Staying Ahead of the Changes and Sustaining Your Organisation’s DPMP

A data protection management programme or DPMP is a system used to establish an effective data protection infrastructure within the organisation. A data protection management programme consists of the following elements—assessing, protecting, sustaining, and responding (APSR).

  • Assessing – this involves assessing the risks within the organisation in relation to data inventory and flows
  • Protecting – this involves protecting the information assets of the organisation through the implementation of security and privacy controls
  • Sustaining – this involves sustaining the data protection management programme through training, communication, and regular audits
  • Responding – this involves responding to privacy and data breach incidents 

How to Sustain Your Organisation’s DPMP

To ensure your organisation’s data protection management programme is effective, keep the following fundamental components in mind: 


In data protection, this aspect involves keeping track of DPMP amongst concerned individuals. This is achieved in two steps—learning and assessment. Learning involves the creation of relevant data protection content and ensuring it is available to the people in the organisation.

Mode of delivery can be done through e-learning or face-to-face sessions. Since many organisations are adopting the work from home setup, providing content through an online portal or website has become the norm. The portal will also give Data Protection Officers (DPOs) the ability to track participation and show accountability.

Assessment involves ensuring any information the employees have on their Personal Data Protection Policies as well as the data protection regulations of the country can be easily recalled when needed. This is usually done through quizzes and tests. Tool aids like DPOinBOx can help ensure assessments can be administered quite easily.


Organisations need to conduct regular audits of their privacy or data protection programme to ensure they stay compliant. Reviewing the privacy procedures and policies of the organisation should also be part of the audit process. Current regulatory requirements should be taken into consideration as well.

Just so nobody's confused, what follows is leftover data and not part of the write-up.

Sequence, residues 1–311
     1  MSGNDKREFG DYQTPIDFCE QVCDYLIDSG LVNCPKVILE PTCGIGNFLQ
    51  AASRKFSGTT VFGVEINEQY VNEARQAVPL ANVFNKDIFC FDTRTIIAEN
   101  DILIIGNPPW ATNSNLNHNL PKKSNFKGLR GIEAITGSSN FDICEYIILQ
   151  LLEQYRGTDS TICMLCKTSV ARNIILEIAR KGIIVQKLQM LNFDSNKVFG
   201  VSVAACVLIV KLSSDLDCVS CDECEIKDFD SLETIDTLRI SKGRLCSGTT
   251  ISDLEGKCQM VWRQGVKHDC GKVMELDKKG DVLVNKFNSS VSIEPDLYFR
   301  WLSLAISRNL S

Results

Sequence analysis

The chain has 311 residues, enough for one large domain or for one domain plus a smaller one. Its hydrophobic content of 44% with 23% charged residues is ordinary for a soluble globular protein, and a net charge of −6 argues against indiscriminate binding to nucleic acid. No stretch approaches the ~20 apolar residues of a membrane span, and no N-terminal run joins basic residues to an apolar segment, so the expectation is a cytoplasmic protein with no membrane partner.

Singapore’s Personal data Protection Act (PDPA) was amended and the 10th obligation that related to breach notification was added. Organisations that want to align themselves with the current PDPA amendments will have to amend their standard operating procedures (SOPs) as well as their policies.

Audits can be carried out for an organisation, department, or process. Typically, the auditing process will involve checking all the policy documents, SOPs, and notices in visible areas. Once the audit has been completed, the findings will be recorded. A report will then be submitted to the management to assess if there are corrective actions needed.


It is important for organisations to be able to effectively communicate to their employees any data protection law amendments, data protection policies, and updates on data protection matters. When new updates are sent, it is important to track those who have read the information.

This can demonstrate accountability to the regulators as it will show that the organisation has a well documented and systematic approach to disseminating data and content related to personal data. Software like DPOinBox can come in handy as it can help DPOs show management the progress of their campaigns.

To sustain their DPMP efforts, organisations need to monitor, audit, and communicate. Also, adopting software tools like DPOinBOx and other beneficial tools like GRC software can also help. A GRC software can also help increase internal efficiencies and manage regulatory and internal compliance.